The survival rate for breast cancer, the most commonly diagnosed cancer among women, is now about 90 percent, increased by nearly 20 percent since the 1970s.

With more women than ever — nearly 3 million — living beyond a breast cancer diagnosis, professor Mary Fisher is looking to decrease arm impairments and other complications that can persist — or even develop — many years after diagnosis.

Surgical removal of lymph nodes places women at risk for a chronic condition called lymphedema, which causes swelling in a person’s limbs. Lymphedema affects anywhere from 10 percent to 30 percent of women, depending on the type of surgery and radiation treatment received.

"The amount of radiation that women receive during radiation therapy is less than for women treated years ago but still remains problematic," said Fisher. "While radiation is often lifesaving, it comes with serious side effects: the tissues in the area exposed to radiation become stiffer and thickened over time."

As tissues stiffen, women can experience a loss of motion, which can limit their ability to participate in sports, complete work or household chores and even their abilities to shower and dress. It can affect what may seem like simple things, such as fitting into a long-sleeved blouse or blazer, Fisher explained.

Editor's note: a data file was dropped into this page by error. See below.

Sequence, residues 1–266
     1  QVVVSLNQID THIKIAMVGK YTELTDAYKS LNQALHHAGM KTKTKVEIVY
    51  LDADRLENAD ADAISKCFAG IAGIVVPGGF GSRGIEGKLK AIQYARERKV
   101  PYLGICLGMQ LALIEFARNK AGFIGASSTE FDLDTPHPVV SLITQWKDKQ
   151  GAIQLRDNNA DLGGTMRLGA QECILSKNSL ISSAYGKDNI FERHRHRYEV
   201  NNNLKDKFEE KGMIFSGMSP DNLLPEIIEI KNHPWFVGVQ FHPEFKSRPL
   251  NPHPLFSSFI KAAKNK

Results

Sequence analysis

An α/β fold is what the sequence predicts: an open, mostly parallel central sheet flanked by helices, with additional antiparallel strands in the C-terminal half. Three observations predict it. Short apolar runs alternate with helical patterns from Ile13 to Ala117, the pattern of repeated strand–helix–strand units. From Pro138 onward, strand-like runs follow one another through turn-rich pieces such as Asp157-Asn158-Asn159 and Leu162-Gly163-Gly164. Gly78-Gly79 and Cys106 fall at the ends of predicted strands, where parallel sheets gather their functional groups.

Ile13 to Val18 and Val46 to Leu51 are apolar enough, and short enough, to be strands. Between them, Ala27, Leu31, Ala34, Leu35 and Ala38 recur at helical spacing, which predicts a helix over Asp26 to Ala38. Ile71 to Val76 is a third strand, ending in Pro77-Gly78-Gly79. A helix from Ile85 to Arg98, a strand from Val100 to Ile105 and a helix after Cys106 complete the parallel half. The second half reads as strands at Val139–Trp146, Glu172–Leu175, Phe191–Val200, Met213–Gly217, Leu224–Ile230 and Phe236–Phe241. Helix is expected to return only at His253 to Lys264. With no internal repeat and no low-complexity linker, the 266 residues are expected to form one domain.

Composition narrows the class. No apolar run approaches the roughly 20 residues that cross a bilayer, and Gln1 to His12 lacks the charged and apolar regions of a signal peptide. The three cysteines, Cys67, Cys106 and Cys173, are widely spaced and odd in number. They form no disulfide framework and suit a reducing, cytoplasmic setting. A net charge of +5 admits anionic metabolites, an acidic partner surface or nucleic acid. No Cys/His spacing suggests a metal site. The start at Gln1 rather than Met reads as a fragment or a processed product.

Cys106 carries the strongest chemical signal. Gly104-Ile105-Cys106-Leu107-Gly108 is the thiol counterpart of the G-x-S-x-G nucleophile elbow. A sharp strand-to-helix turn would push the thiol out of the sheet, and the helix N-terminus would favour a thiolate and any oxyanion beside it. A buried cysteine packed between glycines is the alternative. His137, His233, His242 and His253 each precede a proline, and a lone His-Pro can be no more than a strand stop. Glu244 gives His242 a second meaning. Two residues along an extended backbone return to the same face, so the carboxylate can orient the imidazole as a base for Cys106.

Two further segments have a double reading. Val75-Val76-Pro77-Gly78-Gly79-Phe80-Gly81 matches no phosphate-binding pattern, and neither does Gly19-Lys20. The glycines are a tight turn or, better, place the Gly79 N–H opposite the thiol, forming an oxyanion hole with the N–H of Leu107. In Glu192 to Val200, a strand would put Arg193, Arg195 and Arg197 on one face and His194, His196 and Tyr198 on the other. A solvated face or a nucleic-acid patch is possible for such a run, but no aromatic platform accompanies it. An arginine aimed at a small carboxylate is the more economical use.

Many of these side effects can either be prevented or managed effectively, but only if they are addressed in a timely fashion. One model of care, with substantial evidence of effectiveness, is the Prospective Surveillance Model. This method advocates for baseline testing prior to cancer surgery, with follow-ups after the surgical and medical treatments take place. By completing baseline testing, any deficits that might hinder effective medical treatment — such as being able to assume the position necessary for radiation — can be addressed prior to cancer treatment. And the measures taken at this visit become the benchmark that aftercare visits are measured against.

Exercise and physical therapy also play an important role in treating side effects that arise after treatment.

"Multiple studies have investigated the safety of physical activity after breast cancer treatment and found there is minimal risk for the development of lymphedema with most exercise," said Fisher. "With 2.8 million women living beyond a cancer diagnosis in the United States, returning to previous activity levels is important. Early intervention and ongoing surveillance promoted by the Prospective Surveillance Model ensures that these women can get back to what is important to them — living."

This article is adapted from a piece that originally appeared in The Conversation.